Thursday, April 28, 2011
Wednesday, April 27, 2011
Tuesday, April 26, 2011
It’s back to normal, sort of. I was back in DC for about 36 hours, and then took at bus out to Chappaqua, NY to visit family for Easter (ah, the benefits of being at a Catholic school – Easter vacation!). This was great because it meant 3 days after the marathon, I was getting full nights of sleep every day! I definitely needed that – I was completely exhausted for the first 2 days. But I do believe that if you can get through the first 2 full days after the marathon, you are good to go. Before that, I was so sore, and it is a soreness that it is hard to explain to others. I live at the top of my apartment building, and coming down the stairs was a process. I tended to take a deep breath, and grit it out – I am sure I looked foolish to anyone passing by. But was deliriously happy!
And that’s the thing: the joy hasn’t gone away. Of course, it’s not that surreal, pinch-me-did-this-really-happen, kind of feeling, but still very happy. It’s the kind of feeling that is perfectly timed with the end of the semester: I have about 10 days to go. Surely I can take what I did at Boston and use that to fuel me/reassure me for this final stretch…
I took a few days off – no exercises, no stretches: nothing. On Friday, I went for a 50 minute walk around Chappaqua – figured it was time to start moving at least a little fast, but walking was the fastest I could go. On Saturday, I rowed 6000 meters – couldn’t quite muster a run yet, but wanted to get some form of moderate exercise. Felt good to break out a sweat – which a few years ago that wouldn’t have been a desire. Now, it’s as if when I am pushing that hard, I feel most like myself, most real.
After Mass, I so wanted to go for a run on Sunday – and so I did! 3.8 hilly miles at a relatively fast pace considering that I was less than a week out from Boston (8:06 pace). I think part of me was just so excited to get back on the road. And I did the same on Monday. Very hilly though – I could feel my quads ache on the downhills – they must be remembering going down Heartbreak Hill!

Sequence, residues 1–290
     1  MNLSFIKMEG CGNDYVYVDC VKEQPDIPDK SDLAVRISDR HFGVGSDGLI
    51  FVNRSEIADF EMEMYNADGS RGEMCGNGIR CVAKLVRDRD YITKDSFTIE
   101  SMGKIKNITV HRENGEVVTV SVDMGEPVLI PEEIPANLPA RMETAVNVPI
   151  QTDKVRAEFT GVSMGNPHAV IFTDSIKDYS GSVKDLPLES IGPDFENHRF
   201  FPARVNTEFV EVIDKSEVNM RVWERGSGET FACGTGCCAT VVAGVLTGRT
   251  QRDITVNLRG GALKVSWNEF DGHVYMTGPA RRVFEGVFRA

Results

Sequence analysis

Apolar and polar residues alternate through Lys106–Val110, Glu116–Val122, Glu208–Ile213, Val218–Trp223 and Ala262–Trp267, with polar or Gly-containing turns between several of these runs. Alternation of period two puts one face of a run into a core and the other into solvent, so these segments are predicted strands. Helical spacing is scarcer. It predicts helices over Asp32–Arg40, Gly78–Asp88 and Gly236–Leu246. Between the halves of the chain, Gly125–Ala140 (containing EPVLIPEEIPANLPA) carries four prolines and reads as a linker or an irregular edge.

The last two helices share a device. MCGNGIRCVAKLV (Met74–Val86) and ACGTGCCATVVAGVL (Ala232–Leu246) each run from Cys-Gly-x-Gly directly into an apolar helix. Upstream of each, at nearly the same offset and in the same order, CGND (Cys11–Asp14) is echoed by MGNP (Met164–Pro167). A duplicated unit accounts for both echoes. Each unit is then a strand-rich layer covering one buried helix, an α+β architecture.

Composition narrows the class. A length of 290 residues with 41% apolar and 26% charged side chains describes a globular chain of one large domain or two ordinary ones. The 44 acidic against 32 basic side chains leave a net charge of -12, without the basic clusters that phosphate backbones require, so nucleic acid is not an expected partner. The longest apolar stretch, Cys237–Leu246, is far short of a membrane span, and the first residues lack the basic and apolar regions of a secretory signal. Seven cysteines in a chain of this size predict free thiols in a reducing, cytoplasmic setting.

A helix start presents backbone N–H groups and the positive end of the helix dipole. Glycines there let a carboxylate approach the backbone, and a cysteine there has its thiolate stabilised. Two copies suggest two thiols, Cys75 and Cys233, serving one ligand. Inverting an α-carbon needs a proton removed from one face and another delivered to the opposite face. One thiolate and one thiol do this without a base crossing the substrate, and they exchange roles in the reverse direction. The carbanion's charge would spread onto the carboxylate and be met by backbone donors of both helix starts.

I ran 4 miles today, and that was more for my mind than my body. I have a week and a half of school: papers, exams, papers and exams to grade, and then I will be done. Somehow, I get more nervous about that than marathon training.
So I just need to sit back and remember what I have just done. Surely if I can go sub 3:30 in the marathon, I can finish the semester on a high note. And in the next week, I won't be running to train, just running to stay sane!
Friday, April 22, 2011
I knew it wasn’t just going to be one post about Boston. If you want to know how it all came together, here it is…
Exactly 6 weeks before the Boston Marathon, I was on a plane from Rochester to Florida. I knew it was time to hone in and get everything into place to make the final six weeks go as smoothly as possible. So, I wrote a letter to myself and laid out my plan…
In exactly 6 weeks (it is 10:30AM), the starting pistol will go off and begin my dream race: Boston 2011. The past 2 weeks, I have trained with what I think is a new intensity and passion. I have a new goal in mind: sub 3:30. I think in the past I have been hesitant to set big goals, in part because I don’t want to fail and disappoint myself. But I now have 2 years of marathon training under my belt, and over a year of more focused training through Sarah’s guidance. And now, I am staring into the distance, imagining Hopkinton, Ashland, Natick, Wellesley, Newton, Brookline, and finally, the promise of Boston that awaits me. The picture is simultaneously clearer and blurrier. I have run Boston before. I know exactly what Heartbreak Hill feels like. But what will it feel like if I step outside of myself, dig deep, push myself, reach and find that new layer?
I could make my dreams come true.
In order for me to succeed in exactly six weeks, a number of things need to come together.
· I need to hone in on my tempo runs. I have finally gotten the hang of them and they are working.